Figure 1 illustrates the effectiveness of the feature variable at categorizing the suppliers. Figure 1 also demonstrates the power of visualization methods in BI, allowing a person to quickly see the anomalous suppliers. The histogram reveals that supplier behavior is roughly normally distributed barring the abnormal activity in the right tail. Because there

is a distinct distribution, the variable successfully identifies a marked right tail; therefore, more emphasis should be placed on suppliers isolated with this variable. Variables that divide suppliers into many categories were weighted times 3 points. Revisit Table 1 to see the suppliers isolated by the diapers per claim feature variable.

Figure 1. Visualization Histogram for Diapers per Claim

The “diapers per claims” variable illustrates how an effective feature variable categorizes providers into a distribution with definite tails. Not all variables did such an effective job. The next section presents another feature that was less effective.

Results: Pre-authorization Requests

The number of pre-authorizations requested is an example of a variable with limited discriminative power.

If a supplier had no pre-authorization requests yet served many patients for an extended period, it may be considered suspicious. Fictitious organizations may prefer to limit their exposure to the system, whereas legitimate companies will likely require pre-authorizations at some point. Of the 321 DME companies that supplied briefs, 19 obtained pre-authorization for specialized orders.

Because only 6% of the suppliers needed a pre-authorization within the five year time frame, this feature variable did a poor job at categorizing the supplier companies. It essentially breaks the suppliers into two

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categories with the vast majority never utilizing

the preauthorization system. Any supplier that had a least one pre-authorization fell into the upper 95th percentile and was considered benign for this feature. This variable was not given much weight due to its inability to categorize the DMEPOS supply companies into many categories where a distinct tail can be seen; therefore, the variable is assigned a weight of one.

Next, the number of claims a supplier submitted is considered to further distribute points appropriately. Suppliers that submitted many claims were given more points. Suppliers that submitted less than 500 claims earned one point. Suppliers that submitted between 500 and 999 claims earned two points. Suppliers that submitted over 1,000 claims earned three points.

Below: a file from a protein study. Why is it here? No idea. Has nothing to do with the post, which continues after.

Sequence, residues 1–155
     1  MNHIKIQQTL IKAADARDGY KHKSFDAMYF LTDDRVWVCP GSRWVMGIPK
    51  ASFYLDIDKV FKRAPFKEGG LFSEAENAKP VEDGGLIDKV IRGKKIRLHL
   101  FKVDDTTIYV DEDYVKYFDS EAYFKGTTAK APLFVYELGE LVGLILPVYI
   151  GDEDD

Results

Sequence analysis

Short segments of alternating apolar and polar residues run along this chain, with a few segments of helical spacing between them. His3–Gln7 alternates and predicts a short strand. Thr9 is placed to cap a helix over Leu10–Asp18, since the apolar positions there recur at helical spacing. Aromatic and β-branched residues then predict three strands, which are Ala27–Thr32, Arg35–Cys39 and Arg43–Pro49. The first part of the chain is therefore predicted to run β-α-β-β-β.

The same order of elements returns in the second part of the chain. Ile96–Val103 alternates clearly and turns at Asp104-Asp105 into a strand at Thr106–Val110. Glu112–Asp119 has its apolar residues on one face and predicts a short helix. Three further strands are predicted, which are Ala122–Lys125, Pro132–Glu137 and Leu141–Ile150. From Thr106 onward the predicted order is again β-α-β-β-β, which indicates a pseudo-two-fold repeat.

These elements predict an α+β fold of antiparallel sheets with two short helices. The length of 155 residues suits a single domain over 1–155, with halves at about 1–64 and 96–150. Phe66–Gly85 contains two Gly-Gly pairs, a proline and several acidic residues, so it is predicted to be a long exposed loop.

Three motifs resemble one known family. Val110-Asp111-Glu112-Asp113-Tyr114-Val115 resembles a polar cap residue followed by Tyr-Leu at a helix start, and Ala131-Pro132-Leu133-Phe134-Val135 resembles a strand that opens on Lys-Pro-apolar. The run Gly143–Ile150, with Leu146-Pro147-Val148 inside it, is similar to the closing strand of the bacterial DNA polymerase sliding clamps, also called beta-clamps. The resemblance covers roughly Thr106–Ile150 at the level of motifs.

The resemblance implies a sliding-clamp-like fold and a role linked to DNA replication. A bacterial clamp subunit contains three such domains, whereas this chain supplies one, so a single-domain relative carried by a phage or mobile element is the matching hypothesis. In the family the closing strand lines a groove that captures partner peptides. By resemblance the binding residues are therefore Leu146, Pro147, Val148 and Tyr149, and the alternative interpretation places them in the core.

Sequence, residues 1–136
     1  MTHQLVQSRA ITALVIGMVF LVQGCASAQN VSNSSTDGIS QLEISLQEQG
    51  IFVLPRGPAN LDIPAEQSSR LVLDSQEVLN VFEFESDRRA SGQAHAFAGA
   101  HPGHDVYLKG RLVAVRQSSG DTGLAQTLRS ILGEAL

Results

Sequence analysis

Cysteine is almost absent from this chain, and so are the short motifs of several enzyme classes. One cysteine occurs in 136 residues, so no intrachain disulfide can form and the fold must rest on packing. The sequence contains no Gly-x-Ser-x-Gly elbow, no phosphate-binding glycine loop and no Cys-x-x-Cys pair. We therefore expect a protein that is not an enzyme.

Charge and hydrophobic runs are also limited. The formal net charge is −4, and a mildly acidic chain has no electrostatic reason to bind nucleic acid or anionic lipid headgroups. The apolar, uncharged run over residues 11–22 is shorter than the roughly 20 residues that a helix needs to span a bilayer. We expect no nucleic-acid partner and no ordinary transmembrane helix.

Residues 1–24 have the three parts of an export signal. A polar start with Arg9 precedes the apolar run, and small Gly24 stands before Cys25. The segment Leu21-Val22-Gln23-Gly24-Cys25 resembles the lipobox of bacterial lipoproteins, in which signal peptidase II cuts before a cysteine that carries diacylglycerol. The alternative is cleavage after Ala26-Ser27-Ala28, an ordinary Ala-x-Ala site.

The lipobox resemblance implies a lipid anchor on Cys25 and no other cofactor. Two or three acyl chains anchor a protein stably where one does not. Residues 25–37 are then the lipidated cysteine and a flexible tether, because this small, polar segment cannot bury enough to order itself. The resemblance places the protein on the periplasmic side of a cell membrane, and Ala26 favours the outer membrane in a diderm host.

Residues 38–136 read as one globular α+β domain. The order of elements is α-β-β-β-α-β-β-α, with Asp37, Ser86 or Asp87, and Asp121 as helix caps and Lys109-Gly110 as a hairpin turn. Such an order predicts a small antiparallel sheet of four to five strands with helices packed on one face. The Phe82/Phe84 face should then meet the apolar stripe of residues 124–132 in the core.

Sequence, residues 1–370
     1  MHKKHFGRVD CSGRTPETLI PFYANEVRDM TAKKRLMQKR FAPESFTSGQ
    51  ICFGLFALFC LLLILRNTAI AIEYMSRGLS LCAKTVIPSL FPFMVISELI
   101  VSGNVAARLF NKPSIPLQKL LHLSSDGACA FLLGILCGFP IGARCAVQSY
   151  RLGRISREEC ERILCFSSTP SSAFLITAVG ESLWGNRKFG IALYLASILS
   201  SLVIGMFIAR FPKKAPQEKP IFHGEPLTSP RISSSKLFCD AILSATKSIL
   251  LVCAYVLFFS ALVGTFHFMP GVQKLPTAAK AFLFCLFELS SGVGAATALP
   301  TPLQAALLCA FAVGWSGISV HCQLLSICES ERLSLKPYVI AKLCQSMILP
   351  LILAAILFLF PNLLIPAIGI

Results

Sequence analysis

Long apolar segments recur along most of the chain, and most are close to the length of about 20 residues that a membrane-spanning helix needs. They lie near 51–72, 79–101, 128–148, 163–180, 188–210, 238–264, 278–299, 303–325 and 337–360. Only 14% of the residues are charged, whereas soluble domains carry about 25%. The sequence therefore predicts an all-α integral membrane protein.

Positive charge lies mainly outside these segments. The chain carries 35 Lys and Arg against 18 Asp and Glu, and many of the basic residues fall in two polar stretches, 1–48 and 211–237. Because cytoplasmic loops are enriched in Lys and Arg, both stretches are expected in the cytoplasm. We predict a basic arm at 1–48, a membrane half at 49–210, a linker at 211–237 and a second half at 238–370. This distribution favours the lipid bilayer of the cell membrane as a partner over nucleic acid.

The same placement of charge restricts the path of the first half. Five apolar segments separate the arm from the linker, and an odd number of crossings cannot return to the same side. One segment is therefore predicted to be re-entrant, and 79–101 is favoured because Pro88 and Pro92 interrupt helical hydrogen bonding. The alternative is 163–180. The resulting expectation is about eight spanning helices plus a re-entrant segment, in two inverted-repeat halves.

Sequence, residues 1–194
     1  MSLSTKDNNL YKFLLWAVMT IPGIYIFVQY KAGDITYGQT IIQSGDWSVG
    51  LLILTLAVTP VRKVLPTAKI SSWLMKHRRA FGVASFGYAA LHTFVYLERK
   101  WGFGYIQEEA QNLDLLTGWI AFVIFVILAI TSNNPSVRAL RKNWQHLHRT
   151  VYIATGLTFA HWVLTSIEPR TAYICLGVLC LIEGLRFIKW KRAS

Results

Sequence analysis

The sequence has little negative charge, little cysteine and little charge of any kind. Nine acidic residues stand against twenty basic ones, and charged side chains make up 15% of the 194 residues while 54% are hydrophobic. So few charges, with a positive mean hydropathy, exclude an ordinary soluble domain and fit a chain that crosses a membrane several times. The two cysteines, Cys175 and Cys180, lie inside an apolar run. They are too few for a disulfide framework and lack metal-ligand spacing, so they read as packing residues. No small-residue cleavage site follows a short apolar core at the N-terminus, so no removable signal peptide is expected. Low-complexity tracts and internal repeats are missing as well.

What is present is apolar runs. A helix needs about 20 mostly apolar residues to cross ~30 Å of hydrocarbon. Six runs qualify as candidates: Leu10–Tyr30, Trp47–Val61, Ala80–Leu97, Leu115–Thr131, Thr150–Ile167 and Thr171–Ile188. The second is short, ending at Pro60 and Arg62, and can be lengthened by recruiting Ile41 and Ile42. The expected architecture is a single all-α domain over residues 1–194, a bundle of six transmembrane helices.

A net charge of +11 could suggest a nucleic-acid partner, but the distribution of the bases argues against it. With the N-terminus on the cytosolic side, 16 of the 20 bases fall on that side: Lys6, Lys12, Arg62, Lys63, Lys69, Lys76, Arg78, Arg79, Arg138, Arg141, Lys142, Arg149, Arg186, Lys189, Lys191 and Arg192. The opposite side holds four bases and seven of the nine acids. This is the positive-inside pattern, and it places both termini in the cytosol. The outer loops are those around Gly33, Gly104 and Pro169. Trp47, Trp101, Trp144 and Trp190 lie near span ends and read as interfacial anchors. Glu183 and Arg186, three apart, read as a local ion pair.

Table 2 on the top of the next page details the results. “Claims” was chosen as the weight in acknowledgement of the need to stack up on supplies after initial diagnosis.

Table 2. Supplier Points Based on Preauthorization Number of companies Range of Count of Claims Range of Count of Patients Total points received per company 288 1-477 1-82 1 7 548-826 65-152 2 6 1151-4145 79-414 3 Overall Results

Table 4 provided in the Appendix shows the suppliers that were flagged the most by the unsupervised statistical methods used for this study. The total amount of money spent on suspicious claims detected by this method totals to $449,100, or 5.9 percent of the total amount spent on incontinence briefs during this five year period.

After presenting the results to the state fraud surveillance unit, it was determined that three of the six suppliers flagged were fraudulent. Therefore, this method was believed by state authorities to have demonstrated its effectiveness in isolating suspicious suppliers.

Limitations

This is an exploratory study to help Nevada state authorities determine the applicability and effectiveness of BI for Nevada’s Medicaid fraud detection. The results may be applicable only for this single state and may not be generalizable to the nationwide Medicaid claim population. Nevada’s Medicaid population is significantly smaller than the national average and tends to contain more transient participants (Kaiser, 2009). There is little data available about the suppliers for Medicaid in the U.S., so we were not able to evaluate the comparability of Medicaid suppliers in Nevada to the rest of the U.S.

The point system applied in this study was used to explore the potential for relative weights in unsupervised methods. The weight system would need further evaluation to determine its most appropriate use.

4. CONCLUSIONS

There are three considerations if a governmental agency wished to implement unsupervised statistical methods for fraud detection. First, due to the dynamic nature of fraudulent activity, the way in which criminals commit fraud will evolve, as must the way in which the state goes about detecting it. The model presented here should be refined over time by dropping or adding relevant feature variables to continue being effective.